Let's face facts. A computer screen offers students neither the warm comfort of peers nor the imposing brow of an instructor to encourage them to show up. We have to manufacture that motivation elsewhere to inspire students to virtually attend class and provide a means for them to be proactive in their learning.
"Having essential questions drive curriculum and learning has become core to many educators' instructional practices. Grant Wiggins, in his work on Understanding By Design, describes an essential quetion as:
A meaning of “essential” involves important questions that recur throughout one’s life. Such questions are broad in scope and timeless by nature. They are perpetually arguable – What is justice? Is art a matter of taste or principles? How far should we tamper with our own biology and chemistry? Is science compatible with religion? Is an author’s view privileged in determining the meaning of a text? We may arrive at or be helped to grasp understandings for these questions, but we soon learn that answers to them are invariably provisional..."
This is a continuation of the 'Everything you know about curriculum may be wrong. Really' that I scooped yesterday. (Both by Grant Wiggins) In this post he continues to look at "an explosion of educational innovation" (which began in the 1930s). Along with Ralph Tyler (whom he brought up in his first post) he also presents work from Harold Fawcett, Hollis Caswell, and John Dewey. This post looks at the concepts of curriculum scope and sequence, with a focus on sequence, and if it is 'logical' or 'psychological'.
“notes from the researchers at findingDulcinea”The first few weeks of school are bittersweet; they mark the end of summer and yet a return to what teachers love to do: make a profound impact in the lives of students.Here are our favorite 9 videos to inspire teachers at the start of a school year:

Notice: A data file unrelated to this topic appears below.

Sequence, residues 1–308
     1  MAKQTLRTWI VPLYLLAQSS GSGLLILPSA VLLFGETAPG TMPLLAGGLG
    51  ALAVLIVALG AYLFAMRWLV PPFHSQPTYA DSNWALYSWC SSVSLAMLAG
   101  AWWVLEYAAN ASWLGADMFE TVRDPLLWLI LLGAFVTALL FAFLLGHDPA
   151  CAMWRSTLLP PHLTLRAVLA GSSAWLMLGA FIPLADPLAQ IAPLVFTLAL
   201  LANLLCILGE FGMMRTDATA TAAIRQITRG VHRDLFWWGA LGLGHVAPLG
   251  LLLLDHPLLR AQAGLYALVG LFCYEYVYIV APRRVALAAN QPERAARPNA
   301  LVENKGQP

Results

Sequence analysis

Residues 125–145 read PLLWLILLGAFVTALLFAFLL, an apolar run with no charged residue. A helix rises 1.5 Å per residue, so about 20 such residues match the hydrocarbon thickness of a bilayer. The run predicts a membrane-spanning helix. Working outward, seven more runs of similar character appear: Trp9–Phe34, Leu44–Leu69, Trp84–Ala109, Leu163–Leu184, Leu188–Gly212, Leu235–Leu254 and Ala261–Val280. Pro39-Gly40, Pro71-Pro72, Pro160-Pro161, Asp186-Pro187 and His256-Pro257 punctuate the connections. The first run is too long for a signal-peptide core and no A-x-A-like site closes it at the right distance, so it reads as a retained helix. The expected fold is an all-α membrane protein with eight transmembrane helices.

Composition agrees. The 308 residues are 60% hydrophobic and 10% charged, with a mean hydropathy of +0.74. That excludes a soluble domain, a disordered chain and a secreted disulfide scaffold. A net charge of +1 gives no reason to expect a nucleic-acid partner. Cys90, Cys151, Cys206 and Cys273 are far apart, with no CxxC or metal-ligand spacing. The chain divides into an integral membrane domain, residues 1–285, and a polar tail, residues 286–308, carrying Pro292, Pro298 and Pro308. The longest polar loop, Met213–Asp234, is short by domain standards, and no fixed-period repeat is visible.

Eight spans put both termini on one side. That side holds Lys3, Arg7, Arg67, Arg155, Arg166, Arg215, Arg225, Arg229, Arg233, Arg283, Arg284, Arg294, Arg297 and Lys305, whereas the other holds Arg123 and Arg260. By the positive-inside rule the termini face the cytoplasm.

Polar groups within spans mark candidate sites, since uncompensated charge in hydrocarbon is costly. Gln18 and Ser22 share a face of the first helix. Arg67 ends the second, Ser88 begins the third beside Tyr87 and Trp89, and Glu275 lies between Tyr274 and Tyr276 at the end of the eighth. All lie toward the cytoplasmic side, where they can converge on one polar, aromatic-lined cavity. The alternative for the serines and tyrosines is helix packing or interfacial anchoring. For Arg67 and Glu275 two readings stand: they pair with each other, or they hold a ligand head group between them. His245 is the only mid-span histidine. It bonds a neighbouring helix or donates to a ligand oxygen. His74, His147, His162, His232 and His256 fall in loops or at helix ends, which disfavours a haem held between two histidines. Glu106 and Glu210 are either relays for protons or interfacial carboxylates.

Via Dennis T OConnor
"I really like Driving Questions. In fact, I like them so much more then Essential Questions. You might ask why? I think it just might be my affection for the revised Bloom’s Taxonomy. You may remember that in the revision the different levels were changed into action."
"Those of us promoting the use of rubrics over the past 20 years can now smile and take satisfaction in the fact that the term is now familiar and the use of rubrics is commonplace world-wide. Alas, as with other good ideas, there has been some stupidification of this tool. I have seen unwise use of rubrics and countless poorly-written ones: invalid criteria, unclear descriptors, lack of parallelism across scores, etc. But the most basic error is the use of rubrics without models. Rubrics are too vague and nowhere near as helpful to students as they might be without models to validate and ground them." | by Grant Wiggins
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